Life Wasn’t What I Expected One Year After Graduation
In one month, I will celebrate the one-year anniversary of my college graduation. One whole year since I commenced a new part of my life. To be honest, this past year has not been easy. In fact, it has been pretty lonely. And I was caught completely unprepared.
When I was in college, I anticipated that my life after graduation would be an entirely positive experience. I thought I would have all the confidence in the world, my past shyness nowhere to be seen. I assumed that I would have a dream career lined up with many friends close by.
But that is not what happened. As college came to an end, I began to feel very unsure—about my career choice, my social life, and myself. I wanted to make new friends, but I felt self-conscious and did not know what to say. So I was socially isolated and embarrassed by my social isolation. That embarrassment made me want to hide even more. I felt overcome by self-doubt.
My expectations did not meet reality. That disconnect was a shock and a disappointment. Because it hurt and I wanted to avoid further pain, I began to shy away from experiencing new situations.
Figuring My Life Out Post College
But I am starting to understand that I must be intentional about this transition. I must work hard to create a new normal. I’d hoped that new friendships would form as naturally as they did while sharing a table in the dining hall, but being in a city not knowing many people my age is going to take more effort. I have to search out the equivalent of the college dining hall table in this new life I lead. As for the job search, it will take many applications and many rejections, but I will keep trying.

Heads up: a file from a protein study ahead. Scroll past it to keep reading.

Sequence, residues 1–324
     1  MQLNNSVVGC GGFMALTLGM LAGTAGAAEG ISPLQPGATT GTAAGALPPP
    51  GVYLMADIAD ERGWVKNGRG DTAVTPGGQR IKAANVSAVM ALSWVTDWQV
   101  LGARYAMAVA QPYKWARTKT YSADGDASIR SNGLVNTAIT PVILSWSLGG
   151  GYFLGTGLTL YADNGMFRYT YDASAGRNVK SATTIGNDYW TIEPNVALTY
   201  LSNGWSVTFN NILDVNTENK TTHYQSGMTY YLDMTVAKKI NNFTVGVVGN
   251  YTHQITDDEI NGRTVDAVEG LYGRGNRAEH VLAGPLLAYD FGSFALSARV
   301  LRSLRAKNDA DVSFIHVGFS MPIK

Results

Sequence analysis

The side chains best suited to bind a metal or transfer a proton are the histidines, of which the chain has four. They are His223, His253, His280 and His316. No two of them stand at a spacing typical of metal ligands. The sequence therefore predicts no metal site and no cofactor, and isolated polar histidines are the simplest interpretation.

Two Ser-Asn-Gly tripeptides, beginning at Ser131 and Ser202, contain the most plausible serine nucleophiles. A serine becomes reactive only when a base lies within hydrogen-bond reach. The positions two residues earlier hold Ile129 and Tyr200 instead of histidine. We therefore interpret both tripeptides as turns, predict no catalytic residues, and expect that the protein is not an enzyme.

Although this year has not been what I had hoped for, it has been a good year for self-reflection. As I enter my second year after graduation, I intend to work on coping with situations that call for me to participate, to speak, and to open up to others. I often forget, but it is true that practice and not just preparation is part of learning and gaining confidence, even if that practice begins with difficulty.
The disconnect between expectation and reality can be daunting. It can hurt. But I have learned that it is not the end. My feelings of loneliness are no longer as strong or as frequent. I am growing accustomed to this new stage of life after school. And proudly, I take steps to keep trying even when things are not exactly as I had anticipated.